The same source has a chart that breaks down the daily results for BKK's air, that does at times get into the green "good" category, but not very often, on a daily basis:

 

5aa949a6a3aa4_2018-03-1423_10_13.jpg.24a9483c0368d81c11429c3264748220.jpg

 

http://berkeleyearth.lbl.gov/air-quality/local/Thailand/Bangkok/Bangkok

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22 minutes ago, Airbagwill said:

I'm sure there are seasonal variations but they cannot be relied on for uninterrupted "safe" or even "moderate" level.

 

Seasonal trends don't mean the air is going to automatically be good, or bad, every day during those periods. It's a chart of monthly averages. But the chart I posted above, according to its source, wasn't just monthly averages for one year, but rather, historical monthly averages. So the trend lines are broader and more indicative than you suggest.

 

Here's the full chart with the explanatory text underneath (which I think I cropped off the prior version).

 

5aa94ab351c61_2018-03-1423_15_14.jpg.b5b152f0fe7ee594faa4c576d1ae758d.jpg

 

To me, that kind of data, even as monthly averages, is likely to be a pretty good TREND indicator of what's likely to happen during different periods of the year.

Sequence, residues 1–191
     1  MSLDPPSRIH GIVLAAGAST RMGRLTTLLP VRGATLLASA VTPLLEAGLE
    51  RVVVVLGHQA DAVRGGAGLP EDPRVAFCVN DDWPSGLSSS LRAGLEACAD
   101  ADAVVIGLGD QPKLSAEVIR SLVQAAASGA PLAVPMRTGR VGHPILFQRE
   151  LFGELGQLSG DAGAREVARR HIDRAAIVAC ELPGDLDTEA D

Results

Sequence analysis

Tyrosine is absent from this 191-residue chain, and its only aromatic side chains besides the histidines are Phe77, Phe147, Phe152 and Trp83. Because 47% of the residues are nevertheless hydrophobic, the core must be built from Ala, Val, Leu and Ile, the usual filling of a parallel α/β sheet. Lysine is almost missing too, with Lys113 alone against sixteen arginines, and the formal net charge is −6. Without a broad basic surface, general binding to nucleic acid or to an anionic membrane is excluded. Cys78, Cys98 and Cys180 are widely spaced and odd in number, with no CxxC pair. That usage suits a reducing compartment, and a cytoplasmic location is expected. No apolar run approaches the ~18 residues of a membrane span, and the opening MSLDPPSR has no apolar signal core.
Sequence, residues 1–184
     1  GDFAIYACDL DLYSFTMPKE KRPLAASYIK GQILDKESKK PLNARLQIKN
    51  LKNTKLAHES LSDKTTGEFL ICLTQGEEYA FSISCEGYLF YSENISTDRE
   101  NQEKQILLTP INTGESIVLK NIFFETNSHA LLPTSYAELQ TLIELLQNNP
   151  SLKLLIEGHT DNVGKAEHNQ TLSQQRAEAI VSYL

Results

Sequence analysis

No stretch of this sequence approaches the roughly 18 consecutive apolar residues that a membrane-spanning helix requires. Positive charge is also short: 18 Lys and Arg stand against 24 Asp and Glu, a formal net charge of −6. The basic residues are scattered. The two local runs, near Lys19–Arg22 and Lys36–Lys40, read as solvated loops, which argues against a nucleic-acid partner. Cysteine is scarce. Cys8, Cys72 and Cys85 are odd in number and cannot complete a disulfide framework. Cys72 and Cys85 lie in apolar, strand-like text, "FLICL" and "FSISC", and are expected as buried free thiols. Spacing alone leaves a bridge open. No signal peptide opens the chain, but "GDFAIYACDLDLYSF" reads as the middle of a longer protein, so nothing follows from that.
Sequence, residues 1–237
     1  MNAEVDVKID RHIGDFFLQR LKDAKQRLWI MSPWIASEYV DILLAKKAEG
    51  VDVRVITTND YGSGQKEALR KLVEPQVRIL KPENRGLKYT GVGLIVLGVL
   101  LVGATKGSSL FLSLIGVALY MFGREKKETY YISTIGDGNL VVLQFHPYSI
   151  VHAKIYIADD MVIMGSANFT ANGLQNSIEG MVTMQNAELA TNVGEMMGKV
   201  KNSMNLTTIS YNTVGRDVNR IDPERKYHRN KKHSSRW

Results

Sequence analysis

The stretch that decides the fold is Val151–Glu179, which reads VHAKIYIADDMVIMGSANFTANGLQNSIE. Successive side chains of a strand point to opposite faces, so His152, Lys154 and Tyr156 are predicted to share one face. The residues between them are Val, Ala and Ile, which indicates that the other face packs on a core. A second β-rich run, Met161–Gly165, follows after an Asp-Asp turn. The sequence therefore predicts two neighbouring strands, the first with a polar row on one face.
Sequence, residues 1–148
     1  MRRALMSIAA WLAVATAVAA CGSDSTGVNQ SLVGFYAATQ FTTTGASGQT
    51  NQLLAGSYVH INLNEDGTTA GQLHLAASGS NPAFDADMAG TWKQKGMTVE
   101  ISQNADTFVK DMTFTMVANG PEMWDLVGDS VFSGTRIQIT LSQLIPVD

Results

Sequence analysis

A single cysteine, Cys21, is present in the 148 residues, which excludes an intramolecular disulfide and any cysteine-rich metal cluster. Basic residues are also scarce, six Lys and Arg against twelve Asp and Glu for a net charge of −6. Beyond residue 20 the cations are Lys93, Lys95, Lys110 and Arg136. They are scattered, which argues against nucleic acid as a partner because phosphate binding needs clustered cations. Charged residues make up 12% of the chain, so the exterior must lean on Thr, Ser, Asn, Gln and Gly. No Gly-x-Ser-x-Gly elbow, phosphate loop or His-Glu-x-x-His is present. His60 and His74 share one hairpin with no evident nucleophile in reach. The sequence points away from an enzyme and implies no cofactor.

But it's clearly not a trend line of DAILY readings, which obviously would look different and have vastly more peaks and dips. The chart I posted above shows the summary results of the daily readings, but not in a form that shows seasonality.

 

Here's their daily averages chart for the past two years, which pretty clearly shows the same peak pollution periods toward the end of each calendar year and continuing through about March. And then the April through October periods, generally, showing consistently lower levels.

 

5aa94c2b4f177_2018-03-1423_20_48.jpg.7036688a2be21f7a7cb9b34734e74e59.jpg

 

Both the Bangkok daily and monthly PM2.5 charts look pretty seasonal to me.

Edited by TallGuyJohninBKK

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7 hours ago, TallGuyJohninBKK said:

The China-based site smartairfilters.com did testing of various masks including various 3M models to test just how much particle blocking the masks did when being worn on the face, which is what really counts. In general, the 3M masks scored the best results (both in filtering and in cost effectiveness), and a lot of the fashion type masks did not.

 

https://smartairfilters.com/en/blog/masks-really-work/

 

5aa8e2bc46cb9_2018-03-1415_49_35.jpg.9fe1783bb216a4d1fa74441bc0b08b11.jpg

 

Of the models they tested in late 2017, the 3M 9010 scored among the best results in both filtering (99%+) and cost effectiveness.

 

I just bought a case of 50 from Amazon U.S. for $35. But I see they're also available from the 3MDelivery website for an even better price, and they're in stock there. The only drawback of that model mask, AFAICS, is it doesn't have the newer Cool Flow exhalation vent, which is the type I'd want to use/wear if I was exercising.